US8527068Feb 2, 2010Sep 3, 2013Nanostim, Inc.Leadless cardiac pacemaker with secondary fixation capability
US8532779Jan 30, 2009Sep 10, 2013Medtronic, Inc.Implantable medical device crosstalk evaluation and mitigation
US8532793Apr 30, 2009Sep 10, 2013Medtronic, Inc.Techniques for placing medical leads for electrical stimulation of nerve tissue
US8532935Jul 16, 2012Sep 10, 2013Abbott Diabetes Care Inc.Method and device for providing offset model based calibration for analyte sensor
US8543205Oct 12, 2011Sep 24, 2013Nanostim, Inc.Temperature sensor for a leadless cardiac pacemaker
US8548586Jan 28, 2009Oct 1, 2013Cardiac Pacemakers, Inc.Configurable intermittent pacing therapy
US8560038May 14, 2008Oct 15, 2013Abbott Diabetes Care Inc.Method and apparatus for providing data processing and control in a medical communication system
US8560060Aug 31, 2009Oct 15, 2013Medtronic, Inc.Isolation of sensing and stimulation circuitry
US8571808Jan 23, 2012Oct 29, 2013Abbott Diabetes Care Inc.Method and apparatus for providing data processing and control in a medical communication system
US8583205Apr 16, 2010Nov 12, 2013Abbott Diabetes Care Inc.Analyte sensor calibration management
US8585591Jul 10, 2010Nov 19, 2013Abbott Diabetes Care Inc.Method and system for providing basal profile modification in analyte monitoring and management systems
US8593109Nov 3, 2009Nov 26, 2013Abbott Diabetes Care Inc.Method and system for powering an electronic device
US8597188Jun 20, 2008Dec 3, 2013Abbott Diabetes Care Inc.Health management devices and methods
US8600499Dec 5, 2006Dec 3, 2013Cardiac Pacemakers, Inc.Method and device for cardiac vasoactive therapy
US8611996Jan 30, 2009Dec 17, 2013Medtronic, Inc.Implantable medical device crosstalk evaluation and mitigation
US8611998Sep 22, 2011Dec 17, 2013Cardiac Pacemakers, Inc.Controlled delivery of intermittent stress augmentation pacing for cardioprotective effect
US8612001Feb 24, 2011Dec 17, 2013Cardiac Pacemakers, Inc.Method and apparatus for minimizing post-infarct ventricular remodeling
US8612163Aug 30, 2012Dec 17, 2013Abbott Diabetes Care Inc.Method and apparatus for providing data processing and control in a medical communication system
US8615296Mar 6, 2007Dec 24, 2013Cardiac Pacemakers, Inc.Method and apparatus for closed-loop intermittent cardiac stress augmentation pacing
US8615310Dec 13, 2011Dec 24, 2013Pacesetter, Inc.Delivery catheter systems and methods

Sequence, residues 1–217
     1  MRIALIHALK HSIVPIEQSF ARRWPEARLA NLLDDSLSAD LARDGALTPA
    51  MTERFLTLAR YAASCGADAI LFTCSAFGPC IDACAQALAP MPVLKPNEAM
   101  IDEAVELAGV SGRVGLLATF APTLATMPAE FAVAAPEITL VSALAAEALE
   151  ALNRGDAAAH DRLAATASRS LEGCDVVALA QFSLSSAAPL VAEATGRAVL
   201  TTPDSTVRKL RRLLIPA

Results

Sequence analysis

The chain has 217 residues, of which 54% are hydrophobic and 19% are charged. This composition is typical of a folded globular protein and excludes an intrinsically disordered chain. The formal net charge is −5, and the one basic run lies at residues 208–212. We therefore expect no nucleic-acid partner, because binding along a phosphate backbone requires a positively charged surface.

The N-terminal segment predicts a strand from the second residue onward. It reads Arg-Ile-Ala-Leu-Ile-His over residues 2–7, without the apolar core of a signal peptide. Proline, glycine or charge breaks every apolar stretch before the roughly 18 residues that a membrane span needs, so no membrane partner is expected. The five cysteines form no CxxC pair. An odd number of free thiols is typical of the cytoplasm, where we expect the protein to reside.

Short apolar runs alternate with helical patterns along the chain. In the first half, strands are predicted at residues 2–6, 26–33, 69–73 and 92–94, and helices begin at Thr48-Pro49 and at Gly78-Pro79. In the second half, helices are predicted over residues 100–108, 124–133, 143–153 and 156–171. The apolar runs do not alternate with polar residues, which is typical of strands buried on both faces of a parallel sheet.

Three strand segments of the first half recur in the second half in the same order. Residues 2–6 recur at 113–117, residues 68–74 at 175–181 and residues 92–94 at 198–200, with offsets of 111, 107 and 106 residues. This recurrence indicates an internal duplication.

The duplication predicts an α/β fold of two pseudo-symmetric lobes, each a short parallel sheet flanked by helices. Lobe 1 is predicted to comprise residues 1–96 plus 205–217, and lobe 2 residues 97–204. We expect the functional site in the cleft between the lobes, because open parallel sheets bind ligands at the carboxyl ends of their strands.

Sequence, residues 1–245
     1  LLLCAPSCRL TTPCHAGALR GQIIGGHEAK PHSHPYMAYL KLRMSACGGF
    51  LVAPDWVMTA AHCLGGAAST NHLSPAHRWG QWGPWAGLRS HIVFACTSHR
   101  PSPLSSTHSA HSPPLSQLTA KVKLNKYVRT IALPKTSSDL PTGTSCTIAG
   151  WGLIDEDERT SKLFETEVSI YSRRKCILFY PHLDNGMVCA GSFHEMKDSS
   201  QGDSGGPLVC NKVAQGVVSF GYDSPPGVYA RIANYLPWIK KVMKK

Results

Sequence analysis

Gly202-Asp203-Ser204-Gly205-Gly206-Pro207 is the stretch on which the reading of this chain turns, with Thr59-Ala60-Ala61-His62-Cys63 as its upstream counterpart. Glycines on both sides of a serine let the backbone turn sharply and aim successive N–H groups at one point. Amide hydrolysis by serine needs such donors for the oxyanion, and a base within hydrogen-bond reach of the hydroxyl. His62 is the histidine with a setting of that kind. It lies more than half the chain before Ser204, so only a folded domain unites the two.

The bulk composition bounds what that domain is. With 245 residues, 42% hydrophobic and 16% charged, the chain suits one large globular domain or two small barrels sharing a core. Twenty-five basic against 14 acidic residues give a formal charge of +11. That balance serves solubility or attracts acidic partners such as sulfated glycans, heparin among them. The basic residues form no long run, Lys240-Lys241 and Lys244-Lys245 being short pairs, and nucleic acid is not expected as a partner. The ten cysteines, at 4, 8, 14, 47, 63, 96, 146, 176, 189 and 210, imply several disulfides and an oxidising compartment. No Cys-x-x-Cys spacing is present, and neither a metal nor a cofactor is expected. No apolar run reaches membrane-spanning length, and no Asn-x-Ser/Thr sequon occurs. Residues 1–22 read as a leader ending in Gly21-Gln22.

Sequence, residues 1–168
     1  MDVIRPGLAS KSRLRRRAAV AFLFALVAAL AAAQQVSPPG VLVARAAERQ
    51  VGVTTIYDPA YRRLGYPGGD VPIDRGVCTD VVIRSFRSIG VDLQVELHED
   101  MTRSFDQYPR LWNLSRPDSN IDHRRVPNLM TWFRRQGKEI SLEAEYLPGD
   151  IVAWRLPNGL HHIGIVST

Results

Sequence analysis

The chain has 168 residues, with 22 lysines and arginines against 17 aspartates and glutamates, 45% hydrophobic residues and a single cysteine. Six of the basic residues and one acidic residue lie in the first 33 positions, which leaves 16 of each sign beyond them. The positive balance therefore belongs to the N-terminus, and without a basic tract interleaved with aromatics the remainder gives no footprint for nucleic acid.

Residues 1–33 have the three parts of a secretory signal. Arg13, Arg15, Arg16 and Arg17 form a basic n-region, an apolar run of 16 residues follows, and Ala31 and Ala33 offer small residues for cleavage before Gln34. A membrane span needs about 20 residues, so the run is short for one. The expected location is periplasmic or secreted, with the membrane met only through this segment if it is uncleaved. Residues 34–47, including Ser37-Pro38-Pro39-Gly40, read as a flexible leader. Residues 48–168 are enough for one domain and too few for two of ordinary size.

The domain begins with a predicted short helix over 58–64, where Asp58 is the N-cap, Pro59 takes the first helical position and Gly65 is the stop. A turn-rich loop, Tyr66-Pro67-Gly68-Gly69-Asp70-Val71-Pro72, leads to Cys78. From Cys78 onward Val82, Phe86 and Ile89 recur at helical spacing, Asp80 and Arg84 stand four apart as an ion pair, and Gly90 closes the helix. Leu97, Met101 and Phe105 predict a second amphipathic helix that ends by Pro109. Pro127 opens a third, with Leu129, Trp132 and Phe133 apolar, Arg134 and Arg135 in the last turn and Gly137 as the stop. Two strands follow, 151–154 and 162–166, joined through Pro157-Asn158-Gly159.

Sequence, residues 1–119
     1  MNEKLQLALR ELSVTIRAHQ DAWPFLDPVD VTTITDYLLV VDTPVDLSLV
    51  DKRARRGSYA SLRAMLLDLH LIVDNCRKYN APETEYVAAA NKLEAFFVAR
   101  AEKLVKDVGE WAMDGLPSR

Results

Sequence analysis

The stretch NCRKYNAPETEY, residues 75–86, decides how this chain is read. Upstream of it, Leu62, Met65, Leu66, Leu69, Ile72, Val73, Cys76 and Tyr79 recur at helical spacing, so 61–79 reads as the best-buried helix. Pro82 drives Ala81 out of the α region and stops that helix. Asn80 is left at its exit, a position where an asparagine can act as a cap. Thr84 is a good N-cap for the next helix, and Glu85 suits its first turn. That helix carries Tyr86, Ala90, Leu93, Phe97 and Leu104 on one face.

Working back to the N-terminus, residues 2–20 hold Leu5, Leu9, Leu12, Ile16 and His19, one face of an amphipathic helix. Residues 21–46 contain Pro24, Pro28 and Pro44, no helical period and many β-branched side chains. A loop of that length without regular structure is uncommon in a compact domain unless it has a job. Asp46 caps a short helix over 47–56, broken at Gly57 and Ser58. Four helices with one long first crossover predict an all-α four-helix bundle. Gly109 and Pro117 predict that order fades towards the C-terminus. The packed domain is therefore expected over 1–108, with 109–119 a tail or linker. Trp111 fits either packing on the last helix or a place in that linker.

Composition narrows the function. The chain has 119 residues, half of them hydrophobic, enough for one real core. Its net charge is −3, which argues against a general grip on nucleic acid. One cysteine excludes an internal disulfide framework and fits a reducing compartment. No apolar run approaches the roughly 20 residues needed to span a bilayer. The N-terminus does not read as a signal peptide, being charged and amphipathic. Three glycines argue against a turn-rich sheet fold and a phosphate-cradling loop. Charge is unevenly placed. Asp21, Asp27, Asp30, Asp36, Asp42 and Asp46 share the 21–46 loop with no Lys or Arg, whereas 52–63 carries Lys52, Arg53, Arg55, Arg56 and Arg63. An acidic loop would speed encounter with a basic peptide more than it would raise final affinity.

US8617069 *Jun 20, 2008Dec 31, 2013Abbott Diabetes Care Inc.Health monitor
US8620416Jan 18, 2011Dec 31, 2013Medtronic, Inc.System and method for ischemia classification with implantable medical device
US8622988Aug 31, 2008Jan 7, 2014Abbott Diabetes Care Inc.Variable rate closed loop control and methods
US8630702Nov 9, 2006Jan 14, 2014Angel Medical Systems, Inc.System for detection of different types of cardiac events
US8635046Jun 22, 2011Jan 21, 2014Abbott Diabetes Care Inc.Method and system for evaluating analyte sensor response characteristics
US8649852May 2, 2011Feb 11, 2014Medtronic, Inc.Method of signal enhancement for ECG devices
US8655434May 1, 2012Feb 18, 2014Angel Medical Systems, Inc.Physician's programmer with ST-segment histogram display capability
US8682598Aug 27, 2009Mar 25, 2014Abbott LaboratoriesMethod and system for transferring analyte test data
US8682615Aug 4, 2012Mar 25, 2014Abbott Diabetes Care Inc.Method and apparatus for providing data processing and control in a medical communication system
US8688189May 17, 2005Apr 1, 2014Adnan ShennibProgrammable ECG sensor patch
US8688200Oct 29, 2010Apr 1, 2014Medtronic, Inc.Ischemia detection and classification
US8688210Jan 30, 2009Apr 1, 2014Medtronic, Inc.Implantable medical device crosstalk evaluation and mitigation
US8698615Apr 22, 2013Apr 15, 2014Abbott Diabetes Care Inc.Method and apparatus for providing dynamic multi-stage signal amplification in a medical device
US8710993Nov 21, 2012Apr 29, 2014Abbott Diabetes Care Inc.Mitigating single point failure of devices in an analyte monitoring system and methods thereof
US8718958Mar 12, 2012May 6, 2014Abbott Diabetes Care Inc.Method, system and computer program product for real-time detection of sensitivity decline in analyte sensors